I was reading this paper "Quantum physics needs complex numbers" by Renou et al. In the paper, they propose the standard entanglement swapping scenario and use CHSH3 inequality to show that the maximal bound predicted by quantum mechanics can't be achieved. I have two questions regarding this

Why did the authors use the CHSH3 inequality instead of the CHSH inequality. Real quantum mechanics should also not be achieve maximal violation of CHSH so why CHSH3?

Also is there a more intuitive explanation for why the reall simulation fails in the entanglement swapping scenario but works fine in the Bell experiment scenario? The authors do provide a reason but I didn't quite find it so intuitive)

  • 4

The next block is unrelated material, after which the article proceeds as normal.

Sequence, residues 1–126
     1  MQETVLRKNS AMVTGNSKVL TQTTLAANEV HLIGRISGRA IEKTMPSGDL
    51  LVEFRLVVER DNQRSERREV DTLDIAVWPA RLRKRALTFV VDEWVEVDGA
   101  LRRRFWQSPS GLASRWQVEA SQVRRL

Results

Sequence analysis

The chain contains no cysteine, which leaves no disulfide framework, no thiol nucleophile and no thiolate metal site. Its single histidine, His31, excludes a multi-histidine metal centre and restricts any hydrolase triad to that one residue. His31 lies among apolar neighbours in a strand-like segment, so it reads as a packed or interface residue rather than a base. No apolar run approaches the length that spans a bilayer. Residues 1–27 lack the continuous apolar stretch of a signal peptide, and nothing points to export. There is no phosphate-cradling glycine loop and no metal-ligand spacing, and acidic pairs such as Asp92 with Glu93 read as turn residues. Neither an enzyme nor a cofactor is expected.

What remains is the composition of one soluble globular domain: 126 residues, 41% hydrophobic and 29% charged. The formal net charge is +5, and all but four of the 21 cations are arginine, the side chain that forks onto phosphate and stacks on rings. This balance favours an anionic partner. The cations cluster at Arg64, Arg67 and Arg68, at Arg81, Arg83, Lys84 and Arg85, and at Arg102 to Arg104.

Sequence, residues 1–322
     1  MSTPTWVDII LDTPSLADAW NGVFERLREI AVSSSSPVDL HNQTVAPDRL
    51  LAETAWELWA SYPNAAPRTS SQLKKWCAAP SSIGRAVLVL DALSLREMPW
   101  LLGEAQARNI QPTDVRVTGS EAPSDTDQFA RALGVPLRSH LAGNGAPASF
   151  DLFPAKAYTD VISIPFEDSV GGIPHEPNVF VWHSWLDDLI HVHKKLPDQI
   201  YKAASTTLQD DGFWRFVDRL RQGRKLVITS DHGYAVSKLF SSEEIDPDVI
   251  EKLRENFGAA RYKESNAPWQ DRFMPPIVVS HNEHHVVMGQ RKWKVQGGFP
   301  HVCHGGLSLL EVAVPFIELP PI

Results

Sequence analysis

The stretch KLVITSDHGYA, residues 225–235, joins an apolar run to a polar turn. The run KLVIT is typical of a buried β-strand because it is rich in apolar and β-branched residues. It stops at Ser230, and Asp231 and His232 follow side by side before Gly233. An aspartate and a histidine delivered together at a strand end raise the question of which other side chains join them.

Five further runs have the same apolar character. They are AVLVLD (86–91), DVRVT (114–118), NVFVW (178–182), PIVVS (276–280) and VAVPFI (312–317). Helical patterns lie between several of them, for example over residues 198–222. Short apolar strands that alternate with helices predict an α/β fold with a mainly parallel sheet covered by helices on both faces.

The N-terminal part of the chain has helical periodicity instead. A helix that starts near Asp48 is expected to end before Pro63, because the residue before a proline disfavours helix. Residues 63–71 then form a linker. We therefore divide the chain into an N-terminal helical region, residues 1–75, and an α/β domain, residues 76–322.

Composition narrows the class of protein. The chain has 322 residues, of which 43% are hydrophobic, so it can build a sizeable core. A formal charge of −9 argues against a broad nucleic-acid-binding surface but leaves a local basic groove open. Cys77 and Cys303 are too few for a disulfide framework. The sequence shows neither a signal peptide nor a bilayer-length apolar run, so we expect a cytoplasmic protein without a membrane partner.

$\begingroup$ I would suggest adding a brief explanation of what the CHSH$_3$ inequality (as given in the paper) and quoting the related text rather than expecting people to read the entire paper to find what you mention. $\endgroup$ Apr 4, 2021 at 8:51
  • $\begingroup$ I second the above comment. As it is written now, it is not even clear what "real quantum mechanics" is. $\endgroup$ Apr 4, 2021 at 13:42
  • $\begingroup$ Of course real QM achieves maximum violation in CHSH. Where would you need complex numbers? $\endgroup$ Apr 4, 2021 at 13:59


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